TORONTO -- If you took the quartet of home run balls that Ben McDonald allowed last night at SkyDome and lined them up end to end, it would take Carl Lewis approximately one minute to run from one end to the other. Starting to get the picture?
Against the Blue Jays on a spring night so pleasant that the dome roof was left open, the Orioles had a lopsided pitching matchup in their favor and a perfect opportunity to begin putting Alarming April behind them. Then McDonald gave up home run acreage totaling something like three-tenths of a mile, and the game was just a reaffirmation of the persistent truth that this season is a nightmare the Orioles can't shake.
They did score eight runs, not bad for a lineup lacking Mike Devereaux and Harold Baines, but any solace to be taken in the burst of offense was overwhelmed by the fact that the 10-8 loss should have been a win.
The Blue Jays, their rotation in tatters, started a pitcher who belonged in Double-A. No question about it. The kid's name was Scott Brow and he was pitching in the Southern League until a fortnight ago. Got called up because Dave Stewart and Al Leiter and Jack Morris were injured and Jimmy Key and David Cone and David Wells were gone, and, well, there just wasn't anyone else.
The Orioles started McDonald, the former wonder boy, whose pitching has been erratic but reasonably useful most of the time, more or less. The Orioles needed him to stand tall: they had won five of seven games, and, with the Blue Jays staggering into a long weekend series, this was clearly a chance to start putting a better spin on the season. Particularly when a Joe Carter error led to three Orioles runs in the first.
But Big Ben came up small. Miniscule.
He did get hit on the foot by a line drive in the first inning and was limping after the game. Whether it was an excuse, and also the Orioles' latest injury, was unclear. "It bothered me," McDonald said, "but not to the point where it effected my pitching."
Whatever did effect his pitching was a nasty creature indeed. Darnell Coles and Pat Borders touched him for 777 feet of bye-bye baseball in the second. Carter hit a 427-foot job in the third. Ed Sprague's 386-footer leading off the fourth was enough for manager Johnny Oates. McDonald went on to retire the side in order, but Oates still pulled him after the inning.
Not a second-guess was heard, of course. McDonald had already blown two leads, and it's usually safe to assume that a pitcher isn't sharp when his home-run mileage surpasses a quarter-mile.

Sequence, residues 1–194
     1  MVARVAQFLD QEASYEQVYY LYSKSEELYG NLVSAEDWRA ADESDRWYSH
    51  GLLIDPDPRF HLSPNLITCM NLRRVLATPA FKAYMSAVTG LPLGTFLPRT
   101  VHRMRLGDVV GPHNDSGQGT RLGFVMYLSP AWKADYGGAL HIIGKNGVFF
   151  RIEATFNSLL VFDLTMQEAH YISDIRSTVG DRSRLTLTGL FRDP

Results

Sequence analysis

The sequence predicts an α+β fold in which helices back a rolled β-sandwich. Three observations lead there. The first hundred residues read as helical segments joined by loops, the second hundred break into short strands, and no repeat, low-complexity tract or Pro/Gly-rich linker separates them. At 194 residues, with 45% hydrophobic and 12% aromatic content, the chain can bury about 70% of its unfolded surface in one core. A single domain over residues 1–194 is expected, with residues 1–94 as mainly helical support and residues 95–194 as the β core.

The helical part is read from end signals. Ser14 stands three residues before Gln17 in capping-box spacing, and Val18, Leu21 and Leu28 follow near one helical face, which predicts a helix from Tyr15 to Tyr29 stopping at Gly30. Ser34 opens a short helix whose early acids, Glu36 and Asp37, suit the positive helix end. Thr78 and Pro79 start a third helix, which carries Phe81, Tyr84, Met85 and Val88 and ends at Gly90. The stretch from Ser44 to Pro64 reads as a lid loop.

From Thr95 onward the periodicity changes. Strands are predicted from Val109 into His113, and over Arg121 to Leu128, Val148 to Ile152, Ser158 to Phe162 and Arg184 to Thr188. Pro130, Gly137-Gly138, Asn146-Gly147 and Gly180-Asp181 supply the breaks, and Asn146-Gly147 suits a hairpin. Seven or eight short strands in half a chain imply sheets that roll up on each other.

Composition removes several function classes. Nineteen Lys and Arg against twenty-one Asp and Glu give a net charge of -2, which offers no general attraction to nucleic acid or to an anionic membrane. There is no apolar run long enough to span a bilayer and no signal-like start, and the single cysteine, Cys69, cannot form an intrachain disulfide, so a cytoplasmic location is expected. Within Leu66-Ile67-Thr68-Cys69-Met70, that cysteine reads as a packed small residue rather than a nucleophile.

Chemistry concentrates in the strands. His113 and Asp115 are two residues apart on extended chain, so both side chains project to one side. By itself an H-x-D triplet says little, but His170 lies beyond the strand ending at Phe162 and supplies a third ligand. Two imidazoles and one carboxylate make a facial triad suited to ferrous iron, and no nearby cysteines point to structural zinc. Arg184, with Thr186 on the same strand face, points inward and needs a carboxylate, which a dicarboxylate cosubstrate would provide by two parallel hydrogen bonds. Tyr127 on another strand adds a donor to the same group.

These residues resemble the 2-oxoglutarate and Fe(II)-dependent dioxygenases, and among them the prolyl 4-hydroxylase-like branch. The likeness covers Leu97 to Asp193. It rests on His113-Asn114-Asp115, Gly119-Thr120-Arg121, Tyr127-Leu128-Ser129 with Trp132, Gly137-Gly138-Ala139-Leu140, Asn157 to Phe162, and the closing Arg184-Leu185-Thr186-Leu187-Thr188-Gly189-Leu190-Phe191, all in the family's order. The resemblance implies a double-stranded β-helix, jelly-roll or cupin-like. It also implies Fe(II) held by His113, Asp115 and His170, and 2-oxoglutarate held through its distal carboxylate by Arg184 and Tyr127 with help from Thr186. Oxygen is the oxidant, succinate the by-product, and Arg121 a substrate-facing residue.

In four innings.
The Orioles were down 6-5 when McDonald left and fell four runs down with a volley of errors and wild pitches before rallying to make it sweaty for the Jays in the ninth, but the underlying theme of the story was this: McDonald let the club down.
You figured Scott Brow would get Brow-beaten, and he certainly was. But McDonald wasted the advantage, turning the matchup into a push and raising once again a question that won't go away: Will he ever be worthy of trust?
The loss dropped his record to 2-3, which is precisely where he's been for the last two seasons: right around .500, usually a little below. This year he has been nothing if not an adventure.
There was the opener in Seattle when he completely lost it. The eight-inning masterpiece against the Chicago White Sox at home. Now, this: a remarkable night even for a pitcher who was second in the majors last season in home runs allowed.
He didn't allow a single ball to leave the park in his first four starts this year, lending credence to the company line -- stated all spring -- that he was gradually becoming a more polished pitcher. But then he allowed two homers in his last start. Last night's quartet gave him six in his past 10 innings, for those of you scoring at home.
What it is, plain and simple, is a baseball mystery. Even if McDonald did have a sore foot that made it difficult for him, he was close to unhittable. He faced 19 batters. Eleven could not get the ball out of the infield. Four put the ball into the left-field seats. Go figure.
It's just another reason for the Orioles to be discouraged about the general tenor of their season. As if the injuries and lack of clutch hitting aren't enough, look at the state of the starting rotation.
McDonald isn't dependable at all. Rick Sutcliffe has been up and down. Arthur Rhodes can't seem to get past the fourth inning. Fernando Valenzuela is barely keeping his career alive. If only Mike Mussina could pitch every game, the club would be fine.